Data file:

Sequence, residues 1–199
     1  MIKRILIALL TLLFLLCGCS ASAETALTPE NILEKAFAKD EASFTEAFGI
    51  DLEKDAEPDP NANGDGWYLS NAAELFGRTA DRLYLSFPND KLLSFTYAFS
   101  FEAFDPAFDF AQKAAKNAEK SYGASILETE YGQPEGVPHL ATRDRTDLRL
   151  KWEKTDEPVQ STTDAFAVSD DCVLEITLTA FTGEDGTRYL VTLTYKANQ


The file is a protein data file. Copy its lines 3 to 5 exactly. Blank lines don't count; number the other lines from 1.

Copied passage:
    51  DLEKDAEPDP NANGDGWYLS NAAELFGRTA DRLYLSFPND KLLSFTYAFS
   101  FEAFDPAFDF AQKAAKNAEK SYGASILETE YGQPEGVPHL ATRDRTDLRL
   151  KWEKTDEPVQ STTDAFAVSD DCVLEITLTA FTGEDGTRYL VTLTYKANQ